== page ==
Scratch: The Ultimate DJ Impressions

Scratch: The Ultimate DJ Impressions

7 Studios is hoping to bring the thrill of live DJing home with Scratch: The Ultimate DJ, the rhythm game that aims for the digital rock ‘n’ roll fantasy of Guitar Hero, only on turntables.

Scratch: The Ultimate DJ looks to borrow heavily (and intelligently) from the Guitar Hero and Rock Band style of play, with a note highway that melts off an on-screen LP, aping the interface from the already successful guitar god games. What Scratch hopes to improve upon is the Guitar Hero-style rock fantasy, adding improvisation and music personalisation.

We got a chance to take a look at the game in action, along with its prototype controller, during a demo at 7 Studios.

Creative lead Dan Lerich guided us through our first Scratch: The Ultimate DJ experience, explaining that the game was born of his classical music training, his expertise in midi programming and Berkeley School of Music education — plus a taste for live DJing.

While we initially thought the game’s inspiration was grounded in games like Beatmania, PaRappa the Rapper and even a little bit of Wii Music (don’t panic!), Lerich says he found a rhythm game model in Electronic Arts’ Skate. The skateboarding game, Lerich says, was a diversion from the extreme sports model established by the Tony Hawk Pro Skater series. In Scratch, as in Skate, the game allows the player to experiment, to improvise, to trick, to chain together combos, all of which is available to the player from the get go.

Lerich showed us some of this improvisation in one of the game’s tracks, Gorillaz “Feel Good, Inc.” While the majority of beat-matching follows a pattern similar to Guitar Hero or Beatmania, keying sounds from drum beats to bass tracks to vocals, there’s an opportunity to pattern add. It was surprising to hear how natural those adds sounded—when they were on beat, mind you.

Those pattern adds can also mean big points, as you’ll earn not just for successful beat matches, but for fills as well. Lerich says that the scoring on these fills is still being honed. Since the game has a competitive multiplayer mode, fill spamming is something the 7 Studios team is aware of.

Improvisation occurs in another of the Scratch‘s segments, as portions of the note highway will encourage turntable tricks, not just button presses. This is where the “chika chika fantasy” comes in, with some 15 to 20 tricks available on the controller’s spinning wheel. The DJ will be able to throw in sounds from a pre-picked “battle record,” which can be packed with custom beats, quirky sound effects or even custom-recorded sounds via a USB microphone.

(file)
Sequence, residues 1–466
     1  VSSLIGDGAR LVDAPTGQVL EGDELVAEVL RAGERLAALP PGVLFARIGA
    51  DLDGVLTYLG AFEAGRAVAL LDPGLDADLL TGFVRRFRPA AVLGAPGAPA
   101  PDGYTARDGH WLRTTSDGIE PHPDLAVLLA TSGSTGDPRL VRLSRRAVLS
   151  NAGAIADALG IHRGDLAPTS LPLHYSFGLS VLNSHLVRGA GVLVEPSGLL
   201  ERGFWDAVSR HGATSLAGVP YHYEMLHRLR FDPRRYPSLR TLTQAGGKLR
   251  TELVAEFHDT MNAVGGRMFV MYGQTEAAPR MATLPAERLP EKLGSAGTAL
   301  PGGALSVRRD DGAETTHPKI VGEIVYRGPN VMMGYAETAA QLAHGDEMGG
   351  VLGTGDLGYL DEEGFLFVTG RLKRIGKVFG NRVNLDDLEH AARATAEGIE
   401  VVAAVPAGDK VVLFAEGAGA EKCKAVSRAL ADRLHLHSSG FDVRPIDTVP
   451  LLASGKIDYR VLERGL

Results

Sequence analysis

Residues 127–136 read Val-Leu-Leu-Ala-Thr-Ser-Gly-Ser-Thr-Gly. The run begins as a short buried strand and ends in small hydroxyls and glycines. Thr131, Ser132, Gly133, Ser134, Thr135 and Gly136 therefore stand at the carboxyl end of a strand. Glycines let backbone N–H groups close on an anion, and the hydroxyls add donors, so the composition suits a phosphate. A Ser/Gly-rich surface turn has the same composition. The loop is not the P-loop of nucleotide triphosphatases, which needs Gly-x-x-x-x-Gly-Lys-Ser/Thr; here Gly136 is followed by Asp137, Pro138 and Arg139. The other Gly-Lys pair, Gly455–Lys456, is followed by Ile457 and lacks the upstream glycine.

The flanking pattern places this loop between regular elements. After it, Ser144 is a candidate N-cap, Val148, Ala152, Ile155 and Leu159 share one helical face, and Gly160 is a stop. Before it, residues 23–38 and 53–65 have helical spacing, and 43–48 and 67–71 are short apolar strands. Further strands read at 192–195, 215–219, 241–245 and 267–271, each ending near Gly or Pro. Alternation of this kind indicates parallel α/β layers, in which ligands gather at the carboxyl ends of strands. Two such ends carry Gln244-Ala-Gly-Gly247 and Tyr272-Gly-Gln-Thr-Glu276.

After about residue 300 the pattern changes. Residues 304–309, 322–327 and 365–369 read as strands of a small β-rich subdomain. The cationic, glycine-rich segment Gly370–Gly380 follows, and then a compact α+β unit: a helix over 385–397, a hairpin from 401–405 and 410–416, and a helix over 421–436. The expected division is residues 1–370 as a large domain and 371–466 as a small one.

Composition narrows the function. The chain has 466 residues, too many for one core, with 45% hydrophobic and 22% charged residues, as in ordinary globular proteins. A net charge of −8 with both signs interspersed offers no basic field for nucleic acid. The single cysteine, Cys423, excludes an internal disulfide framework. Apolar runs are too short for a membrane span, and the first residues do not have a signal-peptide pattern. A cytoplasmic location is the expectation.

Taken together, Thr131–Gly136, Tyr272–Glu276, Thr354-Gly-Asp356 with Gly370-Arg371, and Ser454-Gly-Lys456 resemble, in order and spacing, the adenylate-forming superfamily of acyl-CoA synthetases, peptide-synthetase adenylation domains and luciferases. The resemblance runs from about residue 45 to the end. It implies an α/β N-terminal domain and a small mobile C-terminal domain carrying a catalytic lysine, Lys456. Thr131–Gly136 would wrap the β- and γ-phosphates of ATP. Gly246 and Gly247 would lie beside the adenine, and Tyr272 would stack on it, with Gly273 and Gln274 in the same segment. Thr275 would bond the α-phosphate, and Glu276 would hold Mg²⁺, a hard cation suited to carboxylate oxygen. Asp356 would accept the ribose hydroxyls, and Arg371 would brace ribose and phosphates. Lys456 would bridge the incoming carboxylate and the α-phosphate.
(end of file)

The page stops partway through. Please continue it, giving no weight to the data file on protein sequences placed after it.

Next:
That will not only add replayability, but personalization. As performances can be recorded (but not uploaded online) then reviewed, those outstanding spins at the DJ table can be customised, then fondly remembered for years to come.

Scratch‘s controller is still being finalised, but 7 Studios is doing it in partnership with Numark, maker of fine audio equipment and DJ accessories. It comes with five coloured buttons, touch sensitive analogue turntable wheel, and a crossfader switch. It’s also been designed ambidextrously, so lefties needn’t feel excluded.

Our brief time seeing Scratch: The Ultimate DJ was impressive. While the game may not be strikingly original—it has to compete with Activision’s own attempt, DJ Hero, due later this year—it has credibility by association courtesy of Beastie Boys DJ Mix Master Mike’s input and a controller co-designed with turntable manufacturer Numark.

While pricing and final song selection is still being nailed down, 7 Studios is looking at following the pricing and SKU structure of Guitar Hero and Rock Band, hopefully resulting in an affordable, high quality package. We’re anxious to go hands on with it when it ships sometime this Summer.


  • Say what you will about this ripping off beatmania – I’m glad crap like this, Guitar Hero and Rock Band keep cutting off Konami’s success in the western world. Look what mainstreaming did to DDR (mind you, it kept it alive in Japan). I’ll happily play my imported titles, on imported arcade cabinets, with non-crap, non-American songs, thank you, and have satisfaction knowing I’m not playing the same game as the mainstream.

  • Its a shame the two studios dont work together because they would make a vastly superior product this way. I didnt realise there were two games coming out with the same premise but despite a bigger lineup for DJ Hero this one sounds more interesting.

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